I've heard some horror stories about people sleeping on streets etc.
Not exactly glamorous, but it's been an experience that has made me
appreciate the things that we take for granted. It'll give me
character, or so I would like to think. ;) The one good thing that I
needed from being with that company was that they organised a UK bank
account and a 'National Insurance Number which is necessary ,which can
be difficult to obtain by oneself.

During this time I was constantly applying for Graphic Design jobs –
mostly online at the internet café which as I said was a bit of a trek
to get there. Oh and public transport is super efficient, clean, and
always on time – just a bit pricey. Costs about R30 for a day city
pass. Internet time was per hour and time precious, so mainly time was
spent applying for jobs with little time to spare, so hence the reason
for being able to write long stories. The job market I have found very
difficult to break into. Whereas my job in SA was very varied with
different types of work from video to print, here agencies are very
specialised, and focus on a core function like annual reports or
packaging or retail interiors. I guess people are not sure what to
make of me. Maybe it is that there are so many talented individuals
looking for work than there are jobs available. Jobs advertised have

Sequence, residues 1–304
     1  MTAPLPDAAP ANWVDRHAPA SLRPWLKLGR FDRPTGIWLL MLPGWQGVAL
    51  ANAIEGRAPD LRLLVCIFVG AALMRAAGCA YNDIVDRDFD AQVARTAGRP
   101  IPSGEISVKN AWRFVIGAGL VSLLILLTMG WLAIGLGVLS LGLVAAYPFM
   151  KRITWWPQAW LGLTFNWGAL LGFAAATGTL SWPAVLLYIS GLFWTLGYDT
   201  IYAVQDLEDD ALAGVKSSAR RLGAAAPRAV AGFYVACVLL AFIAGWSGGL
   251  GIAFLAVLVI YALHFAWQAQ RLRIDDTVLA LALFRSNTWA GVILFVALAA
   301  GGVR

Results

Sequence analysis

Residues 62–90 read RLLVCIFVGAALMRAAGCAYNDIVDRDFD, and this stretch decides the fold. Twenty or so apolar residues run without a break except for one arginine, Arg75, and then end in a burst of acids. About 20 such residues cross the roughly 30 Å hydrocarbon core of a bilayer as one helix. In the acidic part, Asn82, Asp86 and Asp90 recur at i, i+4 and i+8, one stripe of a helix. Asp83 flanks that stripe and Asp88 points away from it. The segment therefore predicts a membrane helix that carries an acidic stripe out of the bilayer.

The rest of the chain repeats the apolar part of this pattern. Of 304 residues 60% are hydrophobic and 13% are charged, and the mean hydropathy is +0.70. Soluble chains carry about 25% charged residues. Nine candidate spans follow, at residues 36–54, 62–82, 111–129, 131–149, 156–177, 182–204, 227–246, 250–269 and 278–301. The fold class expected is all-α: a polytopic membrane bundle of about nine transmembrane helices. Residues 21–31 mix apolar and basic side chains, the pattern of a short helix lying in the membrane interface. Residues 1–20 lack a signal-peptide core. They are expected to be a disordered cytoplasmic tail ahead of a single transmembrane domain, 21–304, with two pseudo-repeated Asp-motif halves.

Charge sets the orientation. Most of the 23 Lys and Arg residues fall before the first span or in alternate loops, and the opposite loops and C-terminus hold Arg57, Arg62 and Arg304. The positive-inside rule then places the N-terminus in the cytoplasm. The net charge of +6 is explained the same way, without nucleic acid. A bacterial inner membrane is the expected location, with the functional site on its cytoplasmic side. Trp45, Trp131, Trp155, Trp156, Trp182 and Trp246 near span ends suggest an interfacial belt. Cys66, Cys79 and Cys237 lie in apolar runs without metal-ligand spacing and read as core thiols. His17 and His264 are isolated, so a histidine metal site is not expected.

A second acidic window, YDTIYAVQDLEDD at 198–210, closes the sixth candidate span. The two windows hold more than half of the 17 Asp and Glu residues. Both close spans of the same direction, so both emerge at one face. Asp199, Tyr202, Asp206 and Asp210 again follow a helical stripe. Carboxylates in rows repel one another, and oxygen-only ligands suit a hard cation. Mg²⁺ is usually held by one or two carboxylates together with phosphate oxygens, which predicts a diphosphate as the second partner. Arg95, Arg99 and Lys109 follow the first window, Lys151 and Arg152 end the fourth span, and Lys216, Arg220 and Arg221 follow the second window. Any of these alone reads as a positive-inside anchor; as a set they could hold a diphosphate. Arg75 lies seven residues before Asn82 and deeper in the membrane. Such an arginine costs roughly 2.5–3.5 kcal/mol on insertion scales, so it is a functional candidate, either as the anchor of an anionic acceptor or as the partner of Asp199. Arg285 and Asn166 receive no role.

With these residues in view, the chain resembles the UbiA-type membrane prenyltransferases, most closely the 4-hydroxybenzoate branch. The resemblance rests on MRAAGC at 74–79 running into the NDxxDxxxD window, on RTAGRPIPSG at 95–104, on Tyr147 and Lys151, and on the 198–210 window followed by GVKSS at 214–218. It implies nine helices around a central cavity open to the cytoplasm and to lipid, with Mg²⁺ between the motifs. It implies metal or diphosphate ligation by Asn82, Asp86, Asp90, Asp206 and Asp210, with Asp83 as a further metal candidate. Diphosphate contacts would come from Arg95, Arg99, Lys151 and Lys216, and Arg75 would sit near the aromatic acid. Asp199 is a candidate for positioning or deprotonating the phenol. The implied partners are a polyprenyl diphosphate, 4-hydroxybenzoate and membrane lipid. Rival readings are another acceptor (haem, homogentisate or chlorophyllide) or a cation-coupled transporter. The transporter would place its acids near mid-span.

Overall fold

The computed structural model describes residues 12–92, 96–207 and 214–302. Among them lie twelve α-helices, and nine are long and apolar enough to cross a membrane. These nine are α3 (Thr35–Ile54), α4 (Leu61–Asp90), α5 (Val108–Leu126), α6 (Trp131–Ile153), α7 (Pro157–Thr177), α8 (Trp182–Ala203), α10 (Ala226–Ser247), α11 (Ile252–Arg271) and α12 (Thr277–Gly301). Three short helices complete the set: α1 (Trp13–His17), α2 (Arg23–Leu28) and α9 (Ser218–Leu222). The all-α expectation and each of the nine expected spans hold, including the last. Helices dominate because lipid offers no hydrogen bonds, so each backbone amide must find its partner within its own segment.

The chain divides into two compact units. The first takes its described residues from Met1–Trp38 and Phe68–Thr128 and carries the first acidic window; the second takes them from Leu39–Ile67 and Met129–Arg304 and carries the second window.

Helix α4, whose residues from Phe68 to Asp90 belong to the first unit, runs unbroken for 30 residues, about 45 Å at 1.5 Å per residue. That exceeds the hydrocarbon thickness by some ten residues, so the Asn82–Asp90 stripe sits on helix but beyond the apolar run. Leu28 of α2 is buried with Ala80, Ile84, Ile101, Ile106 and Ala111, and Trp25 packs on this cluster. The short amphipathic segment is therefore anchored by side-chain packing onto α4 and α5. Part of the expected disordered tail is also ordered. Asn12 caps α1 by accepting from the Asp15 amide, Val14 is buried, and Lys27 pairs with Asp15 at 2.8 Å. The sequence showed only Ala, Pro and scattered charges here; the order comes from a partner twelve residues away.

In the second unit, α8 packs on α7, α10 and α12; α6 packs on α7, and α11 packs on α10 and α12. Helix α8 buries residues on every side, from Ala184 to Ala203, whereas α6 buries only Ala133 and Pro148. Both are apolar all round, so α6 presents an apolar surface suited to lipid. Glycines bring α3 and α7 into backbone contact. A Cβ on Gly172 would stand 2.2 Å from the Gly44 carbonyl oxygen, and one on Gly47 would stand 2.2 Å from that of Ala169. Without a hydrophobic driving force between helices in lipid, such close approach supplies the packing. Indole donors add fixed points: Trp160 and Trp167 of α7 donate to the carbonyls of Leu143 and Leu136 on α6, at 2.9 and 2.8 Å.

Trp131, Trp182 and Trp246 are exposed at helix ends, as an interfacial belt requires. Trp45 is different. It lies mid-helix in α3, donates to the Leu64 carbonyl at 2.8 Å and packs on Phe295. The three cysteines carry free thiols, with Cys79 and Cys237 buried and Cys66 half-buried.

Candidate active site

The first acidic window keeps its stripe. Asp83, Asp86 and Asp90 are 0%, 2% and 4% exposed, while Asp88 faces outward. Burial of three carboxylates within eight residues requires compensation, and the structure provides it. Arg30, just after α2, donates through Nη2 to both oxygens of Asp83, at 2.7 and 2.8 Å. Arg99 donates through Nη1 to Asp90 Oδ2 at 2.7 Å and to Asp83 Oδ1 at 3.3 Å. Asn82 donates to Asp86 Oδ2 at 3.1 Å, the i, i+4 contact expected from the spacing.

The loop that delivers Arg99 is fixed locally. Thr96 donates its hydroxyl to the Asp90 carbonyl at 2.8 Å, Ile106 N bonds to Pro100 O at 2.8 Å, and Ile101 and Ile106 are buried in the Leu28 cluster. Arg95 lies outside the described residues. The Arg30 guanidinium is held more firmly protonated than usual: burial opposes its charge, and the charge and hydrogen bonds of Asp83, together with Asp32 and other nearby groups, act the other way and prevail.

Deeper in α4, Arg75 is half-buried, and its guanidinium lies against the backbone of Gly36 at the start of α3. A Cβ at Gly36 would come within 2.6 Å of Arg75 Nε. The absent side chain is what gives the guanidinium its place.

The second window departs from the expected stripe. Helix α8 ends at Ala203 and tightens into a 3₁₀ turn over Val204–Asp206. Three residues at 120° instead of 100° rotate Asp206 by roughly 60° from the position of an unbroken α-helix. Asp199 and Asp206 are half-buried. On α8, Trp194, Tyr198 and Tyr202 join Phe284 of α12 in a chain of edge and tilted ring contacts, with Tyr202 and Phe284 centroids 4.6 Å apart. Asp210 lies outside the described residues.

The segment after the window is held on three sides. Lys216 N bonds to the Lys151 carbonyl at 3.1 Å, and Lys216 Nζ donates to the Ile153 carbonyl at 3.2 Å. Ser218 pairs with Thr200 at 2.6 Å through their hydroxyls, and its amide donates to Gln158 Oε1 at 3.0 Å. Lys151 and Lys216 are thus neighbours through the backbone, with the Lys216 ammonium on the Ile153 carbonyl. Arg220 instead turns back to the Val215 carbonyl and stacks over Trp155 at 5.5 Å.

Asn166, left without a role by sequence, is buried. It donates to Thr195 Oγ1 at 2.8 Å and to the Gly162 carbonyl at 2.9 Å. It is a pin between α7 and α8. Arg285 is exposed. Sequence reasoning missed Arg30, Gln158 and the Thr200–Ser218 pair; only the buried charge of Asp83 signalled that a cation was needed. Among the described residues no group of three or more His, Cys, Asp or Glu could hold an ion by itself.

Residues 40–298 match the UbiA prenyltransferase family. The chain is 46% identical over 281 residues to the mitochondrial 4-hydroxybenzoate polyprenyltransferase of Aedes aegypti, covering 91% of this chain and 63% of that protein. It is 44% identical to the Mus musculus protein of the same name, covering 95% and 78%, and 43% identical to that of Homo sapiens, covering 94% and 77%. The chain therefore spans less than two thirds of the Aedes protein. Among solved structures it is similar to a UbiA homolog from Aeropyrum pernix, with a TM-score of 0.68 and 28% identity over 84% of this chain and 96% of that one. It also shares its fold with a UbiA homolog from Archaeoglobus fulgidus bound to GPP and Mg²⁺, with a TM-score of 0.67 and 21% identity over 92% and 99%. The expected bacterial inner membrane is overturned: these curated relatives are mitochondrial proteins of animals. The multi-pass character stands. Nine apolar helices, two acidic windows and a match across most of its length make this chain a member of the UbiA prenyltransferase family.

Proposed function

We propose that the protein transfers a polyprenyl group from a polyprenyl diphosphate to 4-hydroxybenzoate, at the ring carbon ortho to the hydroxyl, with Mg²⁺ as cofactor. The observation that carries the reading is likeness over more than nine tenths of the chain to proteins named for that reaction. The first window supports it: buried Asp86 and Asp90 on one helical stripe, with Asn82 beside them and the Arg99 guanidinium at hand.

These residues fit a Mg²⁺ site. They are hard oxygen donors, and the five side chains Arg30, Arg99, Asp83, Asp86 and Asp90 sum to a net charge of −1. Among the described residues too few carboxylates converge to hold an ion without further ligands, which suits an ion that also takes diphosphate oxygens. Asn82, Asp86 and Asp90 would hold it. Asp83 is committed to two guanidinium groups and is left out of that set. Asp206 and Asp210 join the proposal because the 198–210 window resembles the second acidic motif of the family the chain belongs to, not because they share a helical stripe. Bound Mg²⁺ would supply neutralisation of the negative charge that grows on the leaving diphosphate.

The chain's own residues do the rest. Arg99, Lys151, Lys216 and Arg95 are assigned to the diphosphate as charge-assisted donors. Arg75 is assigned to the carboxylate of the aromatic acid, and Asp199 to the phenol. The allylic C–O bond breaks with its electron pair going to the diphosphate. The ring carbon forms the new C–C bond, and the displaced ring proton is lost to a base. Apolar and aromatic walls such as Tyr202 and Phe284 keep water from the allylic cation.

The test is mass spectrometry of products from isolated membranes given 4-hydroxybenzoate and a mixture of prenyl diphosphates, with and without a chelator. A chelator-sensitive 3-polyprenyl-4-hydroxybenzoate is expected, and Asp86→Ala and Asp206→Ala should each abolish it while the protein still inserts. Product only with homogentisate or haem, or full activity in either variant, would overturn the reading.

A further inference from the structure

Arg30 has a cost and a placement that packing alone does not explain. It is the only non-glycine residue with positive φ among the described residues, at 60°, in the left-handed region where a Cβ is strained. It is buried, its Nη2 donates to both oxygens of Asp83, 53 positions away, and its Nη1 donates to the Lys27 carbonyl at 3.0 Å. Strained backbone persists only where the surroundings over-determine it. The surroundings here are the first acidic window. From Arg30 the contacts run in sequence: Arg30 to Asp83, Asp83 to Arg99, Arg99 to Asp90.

an average 60 applicants I'm told, and they are usually very specific
as to what they are looking for. I am shortlisted or am called to
interview for on average one in 50 jobs that I apply for. I have been
for only 5 interviews – taking me to different parts of the country.
The furthest was 5 hours away and required me to take three busses. I
end up being rather buss-lagged. I'm still waiting to hear on a couple
of jobs so who knows where I'll be living or working in the near
future. I've been to Brighton, Buckingham, Leicester and of course –
London for interviews. Expensive but necessary.

I've some really great people – some of who have been rather
understanding of my situation and have put me up in relatively
luxurious accommodation with a beautiful view of the River Cam – a far
cry form the shoebox I lived in when I first came here. I have in the
last month or so not been working for that agricultural company –
which has been the reason I have been able to commute cross-country
for job interviews. It has freed up my time. I guess I should enjoy
this free time. I'm really gone appreciate it once I have my full time
job. For example, I am currently in Brighton which is on the South
Coast of the UK. I've been relaxing here for a week now, staying in a
motor-home. Living on a campsite with dozens of people in tents and
all types of motor homes - itself has been an interesting experience
– seems to have it's own subculture. It works out much cheaper than a
hotel – with really no hurry to get back to civilization. Brighton in
a beach town and it is very reminiscent of Durban or similar towns on